Dairy nutritionists and producers would like to use NDFD (neutral detergent fiber digestibility) to help formulate their herds’ rations, too. There’s a general consensus among scientists
If you want to use NDFD to help rank silage-corn hybrid performance, don’t compare your lab’s NDFD results with another’s, warns Dave Combs, University of Wisconsin dairy scientist.
Dairy nutritionists and producers would like to use NDFD (neutral detergent fiber digestibility) to help formulate their herds’ rations, too. There’s a general consensus among scientists, Combs says, that increased fiber digestibility (the digestible part of total fiber, or NDF) produces more milk.
But the labs that perform NDF digestibility tests haven’t agreed on a common methodology for measuring fiber digestibility. So results from one lab to another are inconsistent and of little value if compared to each other, he says.
“If you’re trying to evaluate your corn silage and asking, ‘Is it higher or lower than normal in terms of fiber digestibility?’ you can only do that by comparing your result to the average corn silage (NDFD) that went through that lab.”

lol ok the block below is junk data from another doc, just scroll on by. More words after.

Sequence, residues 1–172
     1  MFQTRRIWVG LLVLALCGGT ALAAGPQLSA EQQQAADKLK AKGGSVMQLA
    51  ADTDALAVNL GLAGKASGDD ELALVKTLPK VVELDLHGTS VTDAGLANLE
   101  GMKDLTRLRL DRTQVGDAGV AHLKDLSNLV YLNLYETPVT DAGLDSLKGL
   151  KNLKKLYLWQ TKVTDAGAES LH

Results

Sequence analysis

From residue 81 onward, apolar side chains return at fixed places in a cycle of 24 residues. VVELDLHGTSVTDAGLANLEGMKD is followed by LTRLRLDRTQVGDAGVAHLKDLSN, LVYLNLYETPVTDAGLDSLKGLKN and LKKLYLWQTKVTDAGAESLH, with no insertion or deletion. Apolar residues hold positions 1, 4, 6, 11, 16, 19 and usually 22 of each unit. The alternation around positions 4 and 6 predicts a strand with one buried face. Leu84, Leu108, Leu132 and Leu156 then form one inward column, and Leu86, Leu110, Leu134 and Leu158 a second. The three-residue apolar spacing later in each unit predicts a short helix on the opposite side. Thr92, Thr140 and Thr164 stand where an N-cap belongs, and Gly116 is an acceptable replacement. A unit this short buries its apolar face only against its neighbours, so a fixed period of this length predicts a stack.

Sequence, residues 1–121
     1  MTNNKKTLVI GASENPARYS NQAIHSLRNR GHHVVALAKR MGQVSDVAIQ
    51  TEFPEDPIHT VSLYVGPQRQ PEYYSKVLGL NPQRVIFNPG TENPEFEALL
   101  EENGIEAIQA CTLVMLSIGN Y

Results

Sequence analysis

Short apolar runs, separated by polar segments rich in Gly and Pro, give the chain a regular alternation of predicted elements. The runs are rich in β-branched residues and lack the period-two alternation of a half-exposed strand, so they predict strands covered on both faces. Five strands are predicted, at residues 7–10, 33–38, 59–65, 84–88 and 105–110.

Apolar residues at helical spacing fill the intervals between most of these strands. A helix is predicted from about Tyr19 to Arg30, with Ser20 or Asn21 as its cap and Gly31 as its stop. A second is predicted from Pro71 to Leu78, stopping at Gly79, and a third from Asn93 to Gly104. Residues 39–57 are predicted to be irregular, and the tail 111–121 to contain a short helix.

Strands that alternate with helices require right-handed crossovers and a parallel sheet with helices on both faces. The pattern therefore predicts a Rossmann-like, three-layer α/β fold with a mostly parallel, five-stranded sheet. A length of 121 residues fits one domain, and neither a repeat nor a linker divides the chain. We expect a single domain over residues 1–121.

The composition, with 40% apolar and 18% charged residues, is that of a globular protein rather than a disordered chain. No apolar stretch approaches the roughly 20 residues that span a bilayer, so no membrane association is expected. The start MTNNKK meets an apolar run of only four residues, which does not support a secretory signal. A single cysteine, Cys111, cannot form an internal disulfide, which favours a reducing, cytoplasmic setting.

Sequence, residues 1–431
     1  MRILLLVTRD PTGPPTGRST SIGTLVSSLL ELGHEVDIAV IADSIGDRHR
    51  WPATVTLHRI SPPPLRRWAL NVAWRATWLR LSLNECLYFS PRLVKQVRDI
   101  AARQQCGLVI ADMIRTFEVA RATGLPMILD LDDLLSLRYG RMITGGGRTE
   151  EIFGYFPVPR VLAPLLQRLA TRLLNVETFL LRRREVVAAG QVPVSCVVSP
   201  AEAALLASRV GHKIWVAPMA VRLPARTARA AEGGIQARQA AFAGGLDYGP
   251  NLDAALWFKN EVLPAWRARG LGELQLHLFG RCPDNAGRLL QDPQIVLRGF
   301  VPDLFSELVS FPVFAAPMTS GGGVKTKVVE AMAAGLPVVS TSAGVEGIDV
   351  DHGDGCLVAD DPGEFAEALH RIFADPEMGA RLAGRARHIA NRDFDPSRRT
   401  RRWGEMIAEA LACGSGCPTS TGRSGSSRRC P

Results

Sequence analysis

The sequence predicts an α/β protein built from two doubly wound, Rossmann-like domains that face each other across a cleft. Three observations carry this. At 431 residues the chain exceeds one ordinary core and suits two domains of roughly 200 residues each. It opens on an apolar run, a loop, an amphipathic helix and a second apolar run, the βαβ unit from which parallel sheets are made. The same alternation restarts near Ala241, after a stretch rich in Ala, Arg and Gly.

Forage-analysis laboratories offer databases in which they have tested hundreds to thousands of silages, so each can provide an average NDFD value. "You can look at your results compared to that lab average and answer the questions, ‘Did mine fall close? Are they significantly better? Or are they significantly worse?’"
NDFD may differ only three to four units from the lab’s NDFD average. Or it may vary too much, Combs says. “Your consultant or you should be able to say, ‘If I’m having a problem on my farm and I think it’s related to corn silage, if that number is greatly different from the average, that may be a clue. Unfortunately, that’s about as sophisticated as you can get with NDFD results right now.”
To drive his point home, Combs did what he tells producers to avoid. He compared average NDFD values among four labs that analyze corn silage in the Midwest. One lab reported an average 42% NDF while the other three averaged 43% NDF. But each of those labs, testing 24-, 30- and 48-hour NDFD values, showed numbers that were “all over the map,” Combs says. (Click to view chart.)
“That doesn’t mean that NDFD is a useless number. It just means that labs have different methodologies and you can’t compare lab to lab.”